The NCAA apparently has undertaken an extensive investigation into the recruitment of Tito Horford, the 7-foot basketball player from the Dominican Republic who is currently enrolled at Louisiana State, which went so far as to require Horford to sign an affidavit stating there were no NCAA rules violated by LSU before allowing him to enroll.

"We (LSU) asked him to sign a statement which asked, 'Did LSU or any of its representatives offer you or any of your family members anything?' He agreed to sign before we signed him to a scholarship," LSU Coach Dale Brown said.

When asked why he required Horford to sign a legal document, Brown said: "My wife is a teacher at LSU, my daughter is a student here. I wouldn't jeopardize my team and I wouldn't involve myself with Tito Horford unless there was a clean slate."

Brown said "the NCAA spent quite a few hours asking Tito about his recruitment" two weeks ago. Sources indicated the NCAA has talked to coaches and assistant coaches at several schools in an attempt to find out if any schools had offered illegal inducements to Horford in exchange for his considerable basketball talents.

Ed Tapscott, coach at American University, told The Washington Post two weeks ago that representatives of one school offered Horford's brother a job, another offered the player cash and an automobile, and still another offered an insurance policy and a cash payment to Horford's club team in the Dominican. Tapscott said, "This is perhaps the worst recruiting situation in history."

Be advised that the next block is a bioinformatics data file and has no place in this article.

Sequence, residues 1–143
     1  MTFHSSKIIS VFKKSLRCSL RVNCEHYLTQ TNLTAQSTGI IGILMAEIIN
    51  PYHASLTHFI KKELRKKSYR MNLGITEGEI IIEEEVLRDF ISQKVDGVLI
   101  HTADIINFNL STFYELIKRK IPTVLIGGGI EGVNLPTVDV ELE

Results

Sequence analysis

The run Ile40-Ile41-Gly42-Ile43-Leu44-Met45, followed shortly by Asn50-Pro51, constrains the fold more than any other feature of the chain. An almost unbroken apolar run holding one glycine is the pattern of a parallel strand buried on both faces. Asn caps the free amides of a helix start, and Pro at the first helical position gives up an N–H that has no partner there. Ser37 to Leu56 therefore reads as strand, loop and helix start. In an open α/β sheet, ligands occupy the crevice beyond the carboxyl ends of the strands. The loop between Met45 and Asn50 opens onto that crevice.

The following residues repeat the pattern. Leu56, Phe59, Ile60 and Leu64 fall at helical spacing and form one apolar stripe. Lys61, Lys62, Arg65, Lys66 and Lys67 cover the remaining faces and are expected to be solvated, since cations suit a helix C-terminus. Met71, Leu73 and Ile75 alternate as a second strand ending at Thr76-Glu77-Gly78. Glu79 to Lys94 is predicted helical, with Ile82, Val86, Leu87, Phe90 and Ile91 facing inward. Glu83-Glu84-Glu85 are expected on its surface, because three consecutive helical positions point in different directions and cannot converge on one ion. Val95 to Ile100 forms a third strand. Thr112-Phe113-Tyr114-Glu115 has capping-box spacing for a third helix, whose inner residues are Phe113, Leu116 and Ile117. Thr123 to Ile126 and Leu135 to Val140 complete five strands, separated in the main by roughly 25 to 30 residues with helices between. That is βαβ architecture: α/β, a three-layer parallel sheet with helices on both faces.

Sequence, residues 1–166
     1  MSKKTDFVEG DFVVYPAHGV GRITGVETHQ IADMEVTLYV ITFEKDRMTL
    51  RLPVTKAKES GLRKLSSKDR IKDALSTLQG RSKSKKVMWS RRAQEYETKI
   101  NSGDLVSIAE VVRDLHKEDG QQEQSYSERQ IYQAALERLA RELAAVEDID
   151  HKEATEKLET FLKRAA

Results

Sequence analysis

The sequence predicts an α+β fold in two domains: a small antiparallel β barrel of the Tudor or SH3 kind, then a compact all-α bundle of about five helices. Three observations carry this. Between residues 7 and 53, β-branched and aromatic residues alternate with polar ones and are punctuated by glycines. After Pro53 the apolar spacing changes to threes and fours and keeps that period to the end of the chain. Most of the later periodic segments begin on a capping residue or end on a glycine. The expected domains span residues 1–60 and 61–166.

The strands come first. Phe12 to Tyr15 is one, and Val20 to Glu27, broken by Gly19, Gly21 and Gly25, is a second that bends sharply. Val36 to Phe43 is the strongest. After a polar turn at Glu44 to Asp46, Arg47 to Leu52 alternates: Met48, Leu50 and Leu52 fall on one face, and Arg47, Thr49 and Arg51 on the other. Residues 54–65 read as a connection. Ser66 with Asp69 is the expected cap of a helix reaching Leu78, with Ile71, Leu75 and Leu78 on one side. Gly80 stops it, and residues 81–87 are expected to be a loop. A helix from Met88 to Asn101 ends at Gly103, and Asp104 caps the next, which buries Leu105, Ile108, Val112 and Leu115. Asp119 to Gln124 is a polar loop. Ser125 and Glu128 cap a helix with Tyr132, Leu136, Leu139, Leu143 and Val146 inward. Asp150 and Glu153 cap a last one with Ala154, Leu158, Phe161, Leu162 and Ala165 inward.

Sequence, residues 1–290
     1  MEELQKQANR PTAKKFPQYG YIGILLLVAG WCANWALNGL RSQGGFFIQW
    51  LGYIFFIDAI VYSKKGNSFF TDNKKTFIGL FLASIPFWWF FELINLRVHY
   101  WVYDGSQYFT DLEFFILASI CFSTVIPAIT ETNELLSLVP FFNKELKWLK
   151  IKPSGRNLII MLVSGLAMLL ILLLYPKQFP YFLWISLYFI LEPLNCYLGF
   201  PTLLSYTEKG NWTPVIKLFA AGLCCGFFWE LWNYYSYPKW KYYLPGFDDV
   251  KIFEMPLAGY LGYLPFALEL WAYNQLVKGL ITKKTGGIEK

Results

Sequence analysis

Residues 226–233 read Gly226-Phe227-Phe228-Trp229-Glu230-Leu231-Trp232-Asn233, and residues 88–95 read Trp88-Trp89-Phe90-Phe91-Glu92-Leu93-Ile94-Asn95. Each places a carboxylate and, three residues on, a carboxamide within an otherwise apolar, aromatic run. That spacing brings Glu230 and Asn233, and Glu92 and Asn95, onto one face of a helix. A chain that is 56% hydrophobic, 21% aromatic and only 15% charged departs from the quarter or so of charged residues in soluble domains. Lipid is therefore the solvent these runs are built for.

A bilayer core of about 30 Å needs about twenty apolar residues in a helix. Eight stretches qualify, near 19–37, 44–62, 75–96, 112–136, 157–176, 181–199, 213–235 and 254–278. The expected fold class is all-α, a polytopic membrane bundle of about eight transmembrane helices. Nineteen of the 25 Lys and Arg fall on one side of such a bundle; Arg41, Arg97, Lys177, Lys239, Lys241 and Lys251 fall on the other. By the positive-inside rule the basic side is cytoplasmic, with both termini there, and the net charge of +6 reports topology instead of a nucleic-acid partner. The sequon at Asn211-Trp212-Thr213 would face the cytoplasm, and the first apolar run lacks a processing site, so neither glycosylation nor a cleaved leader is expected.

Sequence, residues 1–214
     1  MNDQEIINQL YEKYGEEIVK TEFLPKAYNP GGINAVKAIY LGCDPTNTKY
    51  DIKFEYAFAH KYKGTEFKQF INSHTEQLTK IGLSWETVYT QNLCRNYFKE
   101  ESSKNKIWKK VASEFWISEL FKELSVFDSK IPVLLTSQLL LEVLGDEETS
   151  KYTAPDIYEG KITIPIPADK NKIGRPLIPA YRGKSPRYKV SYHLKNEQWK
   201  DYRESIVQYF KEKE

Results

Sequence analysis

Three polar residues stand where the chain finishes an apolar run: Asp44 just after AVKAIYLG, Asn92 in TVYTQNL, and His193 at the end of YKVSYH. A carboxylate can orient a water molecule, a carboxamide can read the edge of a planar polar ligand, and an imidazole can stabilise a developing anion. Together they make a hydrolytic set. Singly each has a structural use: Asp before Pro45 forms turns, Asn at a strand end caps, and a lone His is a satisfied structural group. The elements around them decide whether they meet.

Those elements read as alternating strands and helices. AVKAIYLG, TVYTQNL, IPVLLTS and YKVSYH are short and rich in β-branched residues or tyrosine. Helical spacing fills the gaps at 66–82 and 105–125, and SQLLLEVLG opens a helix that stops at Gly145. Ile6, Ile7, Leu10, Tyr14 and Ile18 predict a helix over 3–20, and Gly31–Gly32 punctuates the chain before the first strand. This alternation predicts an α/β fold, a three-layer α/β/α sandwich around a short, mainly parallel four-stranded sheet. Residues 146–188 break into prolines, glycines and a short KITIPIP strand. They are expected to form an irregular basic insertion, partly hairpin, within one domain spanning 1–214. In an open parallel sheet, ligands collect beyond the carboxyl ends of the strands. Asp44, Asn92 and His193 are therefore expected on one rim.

Tapscott said he has "direct knowledge of cheating, on two schools" from conversations with Horford, and still is considering going to the NCAA with what he knows, but only if Horford is not made "a scapegoat." Tapscott was out of town yesterday and could not be reached for comment.

The NCAA, as is its policy, refused to confirm an investigation was under way.

Among the schools that heavily recruited Horford are LSU, Houston, Kentucky, UCLA and Florida State.

Horford, who moved from the Dominican Republic to Houston to attend Marian Christian High School three years ago, originally signed a national letter of intent to attend the University of Houston. But earlier this summer the NCAA ordered Houston to declare Horford ineligible to play there when an assistant coach, Donnie Schverak, made a visit to Horford's home in the Dominican Republic during the NCAA's nonvisitation period.

After the NCAA ruled out Houston, the scramble for Horford began. LSU seemed out of the running after Horford was quoted as saying he never would attend that school and Brown was quoted as saying he didn't want him there, in part because he felt Horford had solicited offers from recruiters.

Even as Horford was about to drive to Baton Rouge, La., at the end of August, Brown said he called Georgetown Coach John Thompson to see if Horford could be convinced to attend GU. Thompson, however, indicated he never thought Horford seriously considered coming to Georgetown and did not contact him.

LSU officials say Horford will be unavailable for comment until Oct. 15. But Brown said in a recent interview, "I didn't want him at LSU. I said it, but I didn't have all the facts. If anyone says I should eat crow, then fine, I deserve that. But I didn't have all the facts when I first opened my mouth."

Brown would not say what he learned that changed his mind about Horford.

Brown was asked if he worried about what an NCAA investigation might turn up at his school.

"You can indict the pope if you hang around the Vatican long enough," he said. "I'd be a likely candidate for people to say, 'Shut him up, find out what he's doing.' But we've gone to great pains to make sure we've done things properly."